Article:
Years of conflict and past sanctions have taken their toll on Iraq’s healthcare system. However, doctors in the country now highlight that mismanagement and corruption from the government has left it in an even worse condition. Authorities have squandered several opportunities to develop the country’s healthcare infrastructure and improve working conditions for doctors.
Iraq spends disproportionately little on its healthcare, compared with other regional countries such as Jordan or Lebanon. In its 2019 budget, it allocated 2.2 percent for healthcare, compared with 18 percent for security and 13 percent for its oil ministry.
Ultimately, Iraq’s medical workers pay the price for this neglect and risk their own lives to carry out their jobs. It was bad enough before the coronavirus pandemic, which has now placed them under even more unimaginable strain.
Due to the underfunding of Iraq’s healthcare system, medical workers do not have enough protective equipment whilst treating COVID patients.
“Many of us have had very little to no PPE [Personal Protective Equipment], especially in hospitals dealing with a large number of patients.”
“Many of us have had very little to no PPE [Personal Protective Equipment], especially in hospitals dealing with a large number of patients. When medical staff do receive [PPE], sometimes it does not even work properly, and this has made doctors more vulnerable to infection of COVID-19,” Shaymaa Alkamali, a doctor in Baghdad, told Inside Arabia. “Most of our staff actually [got infected with] COVID.”
“Due to these massive shortages, many doctors have been forced to buy gloves and medical masks themselves.”
Iraq has recorded over 100,000 cases of COVID-19, and over 4,000 deaths (as of July 22), although there were past accusations that authorities were covering up the real figures, to prevent public outrage. In any case, an influx of patients has overwhelmed the country’s hospitals since the pandemic was announced in March, yet facilities lack enough means to treat everybody, and doctors are consequentially overworked.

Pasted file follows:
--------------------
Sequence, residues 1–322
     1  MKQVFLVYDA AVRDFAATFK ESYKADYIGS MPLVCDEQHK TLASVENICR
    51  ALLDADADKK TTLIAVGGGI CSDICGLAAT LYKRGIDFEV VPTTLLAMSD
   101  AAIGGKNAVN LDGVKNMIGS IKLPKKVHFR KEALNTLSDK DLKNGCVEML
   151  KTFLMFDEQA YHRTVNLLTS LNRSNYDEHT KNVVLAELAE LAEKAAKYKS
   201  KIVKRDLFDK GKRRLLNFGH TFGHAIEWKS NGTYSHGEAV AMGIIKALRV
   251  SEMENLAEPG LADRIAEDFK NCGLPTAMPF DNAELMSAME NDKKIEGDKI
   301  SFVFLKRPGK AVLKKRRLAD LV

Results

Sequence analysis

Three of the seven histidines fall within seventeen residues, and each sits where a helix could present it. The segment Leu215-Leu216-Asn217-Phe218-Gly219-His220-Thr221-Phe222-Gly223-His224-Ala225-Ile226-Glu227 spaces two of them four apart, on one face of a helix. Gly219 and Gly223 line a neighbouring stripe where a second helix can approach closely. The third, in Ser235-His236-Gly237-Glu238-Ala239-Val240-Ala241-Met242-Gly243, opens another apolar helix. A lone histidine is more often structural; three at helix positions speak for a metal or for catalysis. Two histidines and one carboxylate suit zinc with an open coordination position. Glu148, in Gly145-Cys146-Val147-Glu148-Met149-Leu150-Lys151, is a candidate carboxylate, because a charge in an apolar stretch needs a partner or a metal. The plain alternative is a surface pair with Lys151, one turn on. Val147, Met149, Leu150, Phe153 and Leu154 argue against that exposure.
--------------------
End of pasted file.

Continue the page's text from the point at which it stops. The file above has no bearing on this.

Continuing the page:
“There is also a large number of patients in our particular clinic, no less than 100 per day. This huge extra demand is difficult for us to cope with,” said Alkamali. “There is a shortage of ICU beds which makes it harder to keep the death toll to a minimum. While this is a problem all over the world, before [the pandemic] we [already] had a poor healthcare system that was in danger.”
Nearly all the hospitals beds are full and there is no available space in many healthcare centers. Very little oxygen is available, and therefore some citizens have bought it themselves and donated it to the hospitals.
Many doctors work all day with little to no rest, sometimes up to 48 hours in one shift. Some doctors have even collapsed and died under the strain.
Many doctors work all day with little to no rest, sometimes up to 48 hours in one shift. Some doctors have even collapsed and died under the strain. Under these intolerable conditions, medical workers cannot work productively, and this prevents them treating patients effectively.
Furthermore, medical personnel receive relatively low salaries. A doctor in Iraq earns about US$600 per month, while a police officer with incomplete education can earn around US$1,000, according to Waad al-Hafiz, a resident doctor in Baghdad.
“The major problem is the corruption and it’s everywhere and affects everything here,” he said.